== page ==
Entries Tagged as 'Medicare'

Here’s How To Get To A Debt Ceiling

June 27th, 2011 at 2:31 pm 7 Comments

The theatrics of the past two weeks aside, click the wink and the nod seem to be already communicated as the President, remedy the Speaker of the House, sale and the Senate Majority and Minority leaders begin the next phase of the drama.

Both sides have now solidified their bases in Congress.  “No new taxes” now balances “The end of Medicare as we know it.”  Neither will happen to any significant degree and the press releases for back home can be written well in advance.

The question arises, then, if the negotiations ignore 70 percent of the problem, what kind of deal could pass muster with a majority in both the House and Senate?

Here’s the dirty little secret—it isn’t that hard to meet the targets set out by either side.

Let’s start with the basics.

To get a debt ceiling increase that will take Congress and the Administration beyond the November, 2012, elections, requires approximately $2.4 trillion.  Speaker Boehner has declared that he wants that much in spending restraint, dollar for dollar.

Selected leaks from the now-defunct Biden meetings crowed about getting as much as $2 trillion.

Can either target be met without confronting the underlying structural changes in entitlements that would truly change the debt trajectory?


Here’s a “back of the napkin” plan to reach the Speaker’s goals and not harm entitlements.

A—accept approximately $1.1 trillion in defense savings over the 10-year period by simply counting the money that will be saved as we draw down troops from Iraq and Afghanistan.

B—freeze non-defense, domestic appropriated accounts for five years, saving $400-$500 billion.

C—make minor changes in small entitlements like agricultural subsidies, change the Cost-of-Living index used to calculate increases in various federal programs, and allow many of the openings in the federal work force the next decade to go unfilled, saving another $100-$200 billion.

D—accept a freeze on new defense spending, outside the troop drawdown savings, for enough time to get $300 billion.

E—close a couple of tax loopholes—like the ethanol subsidy, some of the “tax extenders” for special purposes, and remove the mortgage interest deduction entirely for second homes—and save another $600 billion over the decade.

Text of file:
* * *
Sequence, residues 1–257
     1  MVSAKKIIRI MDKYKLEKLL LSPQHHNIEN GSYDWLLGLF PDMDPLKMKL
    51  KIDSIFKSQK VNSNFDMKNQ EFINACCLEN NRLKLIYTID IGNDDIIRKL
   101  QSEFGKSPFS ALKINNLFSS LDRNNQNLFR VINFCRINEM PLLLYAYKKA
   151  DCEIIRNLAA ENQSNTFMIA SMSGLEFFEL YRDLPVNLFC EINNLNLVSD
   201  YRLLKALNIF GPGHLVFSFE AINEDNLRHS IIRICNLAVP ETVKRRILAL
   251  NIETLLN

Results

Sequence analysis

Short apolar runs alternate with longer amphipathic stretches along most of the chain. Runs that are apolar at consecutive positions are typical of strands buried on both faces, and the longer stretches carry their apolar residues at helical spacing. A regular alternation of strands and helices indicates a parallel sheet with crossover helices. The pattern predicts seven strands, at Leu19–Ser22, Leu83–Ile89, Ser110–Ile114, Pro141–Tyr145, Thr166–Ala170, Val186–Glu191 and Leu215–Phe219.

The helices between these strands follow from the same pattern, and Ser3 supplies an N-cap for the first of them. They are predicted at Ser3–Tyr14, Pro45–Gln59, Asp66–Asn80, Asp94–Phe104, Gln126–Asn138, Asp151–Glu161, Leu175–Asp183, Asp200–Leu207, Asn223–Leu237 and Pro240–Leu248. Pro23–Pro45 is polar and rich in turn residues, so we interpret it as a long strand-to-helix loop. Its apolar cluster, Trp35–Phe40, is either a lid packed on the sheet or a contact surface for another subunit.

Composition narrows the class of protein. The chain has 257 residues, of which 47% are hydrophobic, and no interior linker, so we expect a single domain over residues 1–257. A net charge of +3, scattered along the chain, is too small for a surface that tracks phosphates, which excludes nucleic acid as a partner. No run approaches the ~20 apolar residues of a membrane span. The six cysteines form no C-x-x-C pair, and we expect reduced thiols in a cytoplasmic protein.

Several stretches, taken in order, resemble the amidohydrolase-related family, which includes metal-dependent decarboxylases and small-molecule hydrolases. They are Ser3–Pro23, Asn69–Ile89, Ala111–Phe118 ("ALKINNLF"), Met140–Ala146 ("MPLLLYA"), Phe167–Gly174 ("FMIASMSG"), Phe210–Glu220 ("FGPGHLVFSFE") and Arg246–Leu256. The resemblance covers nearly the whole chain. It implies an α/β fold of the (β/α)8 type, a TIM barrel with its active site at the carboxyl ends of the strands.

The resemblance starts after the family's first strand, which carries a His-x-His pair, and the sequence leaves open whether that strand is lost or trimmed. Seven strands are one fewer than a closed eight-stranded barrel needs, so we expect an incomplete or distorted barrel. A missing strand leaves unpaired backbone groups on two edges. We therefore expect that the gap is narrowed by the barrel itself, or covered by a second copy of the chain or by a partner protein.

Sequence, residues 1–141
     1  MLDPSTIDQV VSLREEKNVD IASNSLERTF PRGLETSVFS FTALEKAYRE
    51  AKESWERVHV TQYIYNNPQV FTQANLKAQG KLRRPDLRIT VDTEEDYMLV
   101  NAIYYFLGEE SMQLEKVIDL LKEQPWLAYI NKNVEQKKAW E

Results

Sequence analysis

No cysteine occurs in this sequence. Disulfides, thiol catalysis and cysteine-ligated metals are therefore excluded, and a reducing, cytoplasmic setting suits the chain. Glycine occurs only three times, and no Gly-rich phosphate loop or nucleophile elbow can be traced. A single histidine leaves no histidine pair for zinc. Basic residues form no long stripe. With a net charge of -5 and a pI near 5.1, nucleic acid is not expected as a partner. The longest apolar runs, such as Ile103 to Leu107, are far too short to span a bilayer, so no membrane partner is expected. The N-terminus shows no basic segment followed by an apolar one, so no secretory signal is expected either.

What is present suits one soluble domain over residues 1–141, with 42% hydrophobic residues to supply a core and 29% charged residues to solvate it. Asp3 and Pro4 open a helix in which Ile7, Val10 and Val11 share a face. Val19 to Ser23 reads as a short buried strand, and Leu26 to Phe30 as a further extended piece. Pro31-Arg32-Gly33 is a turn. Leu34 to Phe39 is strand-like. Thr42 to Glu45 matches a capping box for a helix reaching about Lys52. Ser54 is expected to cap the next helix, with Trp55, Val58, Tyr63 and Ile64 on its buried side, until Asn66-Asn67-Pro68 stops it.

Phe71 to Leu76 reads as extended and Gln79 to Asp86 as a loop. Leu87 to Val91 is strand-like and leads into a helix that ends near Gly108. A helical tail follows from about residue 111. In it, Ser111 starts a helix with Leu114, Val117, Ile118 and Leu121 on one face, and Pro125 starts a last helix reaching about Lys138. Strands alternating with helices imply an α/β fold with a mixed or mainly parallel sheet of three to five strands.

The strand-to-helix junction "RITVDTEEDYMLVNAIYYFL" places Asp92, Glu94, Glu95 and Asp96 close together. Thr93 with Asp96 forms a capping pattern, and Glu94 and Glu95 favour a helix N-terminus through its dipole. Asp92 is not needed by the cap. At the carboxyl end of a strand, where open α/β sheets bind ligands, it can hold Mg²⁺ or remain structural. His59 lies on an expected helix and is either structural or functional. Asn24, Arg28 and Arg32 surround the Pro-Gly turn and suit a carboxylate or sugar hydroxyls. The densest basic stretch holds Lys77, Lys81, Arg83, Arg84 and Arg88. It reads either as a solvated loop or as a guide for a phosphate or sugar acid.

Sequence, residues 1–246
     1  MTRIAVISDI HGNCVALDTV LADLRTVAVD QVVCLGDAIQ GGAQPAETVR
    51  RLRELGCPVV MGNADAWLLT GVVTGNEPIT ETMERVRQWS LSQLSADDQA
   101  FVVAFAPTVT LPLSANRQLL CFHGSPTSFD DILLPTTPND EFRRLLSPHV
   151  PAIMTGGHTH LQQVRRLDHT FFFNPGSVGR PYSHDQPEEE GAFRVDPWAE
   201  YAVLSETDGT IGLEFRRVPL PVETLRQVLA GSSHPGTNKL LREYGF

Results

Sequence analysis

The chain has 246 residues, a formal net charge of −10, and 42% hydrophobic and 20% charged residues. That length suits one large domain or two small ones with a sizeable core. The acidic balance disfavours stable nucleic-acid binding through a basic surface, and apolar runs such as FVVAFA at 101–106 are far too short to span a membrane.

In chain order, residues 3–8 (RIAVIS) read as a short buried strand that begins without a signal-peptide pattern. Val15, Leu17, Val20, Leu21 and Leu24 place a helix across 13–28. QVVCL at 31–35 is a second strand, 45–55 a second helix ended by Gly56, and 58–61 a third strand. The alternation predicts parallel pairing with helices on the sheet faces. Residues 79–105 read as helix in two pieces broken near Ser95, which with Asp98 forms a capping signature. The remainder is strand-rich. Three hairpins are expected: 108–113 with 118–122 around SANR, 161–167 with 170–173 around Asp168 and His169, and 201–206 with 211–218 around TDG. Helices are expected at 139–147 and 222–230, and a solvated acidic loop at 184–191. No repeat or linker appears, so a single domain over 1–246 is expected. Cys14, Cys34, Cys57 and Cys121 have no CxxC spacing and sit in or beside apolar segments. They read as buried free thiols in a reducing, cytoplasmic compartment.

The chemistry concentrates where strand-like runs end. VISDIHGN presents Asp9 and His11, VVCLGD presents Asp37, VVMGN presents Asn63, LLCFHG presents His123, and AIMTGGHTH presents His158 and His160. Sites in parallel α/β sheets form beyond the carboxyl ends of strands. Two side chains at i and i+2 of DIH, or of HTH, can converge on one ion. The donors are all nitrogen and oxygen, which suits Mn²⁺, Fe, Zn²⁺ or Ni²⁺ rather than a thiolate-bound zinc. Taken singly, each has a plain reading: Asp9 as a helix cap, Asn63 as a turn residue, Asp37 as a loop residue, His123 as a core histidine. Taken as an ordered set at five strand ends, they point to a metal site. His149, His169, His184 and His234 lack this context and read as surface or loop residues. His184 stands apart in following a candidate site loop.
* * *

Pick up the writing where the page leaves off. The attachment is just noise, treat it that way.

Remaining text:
F—finally, add to these savings the amount of federal interest payments that such savings would produce, another $300-$400 billion.

Lo and behold, you’ve done it.   These changes from the Congressional Budget Office current policy baseline for the next decade amount to even more than $2.4 trillion.  And, better yet, the savings from “cuts” in programs outweighs the new revenues from loophole closings by about three to one.  That is another stated goal of whatever package emerges.

Republicans get to claim that they held on “no new taxes.”

Democrats get to shout that they kept “hands off our Medicare and Social Security.”

And both sides can do all this without having to reduce Medicare payments to doctors, or to expand the reach of the Alternative Minimum Tax (AMT), or to reform almost anything of significance.  Better, if the 113th or 114th Congress confronts a serious international challenge, those folks can always increase defense spending as needed.  One Congress cannot bind another—a basic law of legislation.

No one will notice, except for budget geeks and some cranky media types, that the total indebtedness of the federal government will total $23 trillion ten years from now.  This means that the $2.4 trillion in savings barely achieves 10 percent of anticipated debt.  Worse, such a deal allows Medicare, Medicaid and most other entitlements to continue to climb without restraint.

Why does this outcome seem probable?  Because we have been down this road before.

In the Reagan years, Congress promised a package of deficit cuts that would be three-to-one spending changes compared to tax changes.  When all was said and done, and we looked back a couple of years later at our handiwork, much more was said than done.  The package never achieved three-to-one spending versus taxes and deficits barely budged from projections.

Yes, the package may contain serious process reform and enforcement mechanisms that promise to save more in the future.  But such an outcome will hardly satisfy those who want real fiscal reform and real stabilization of the federal debt.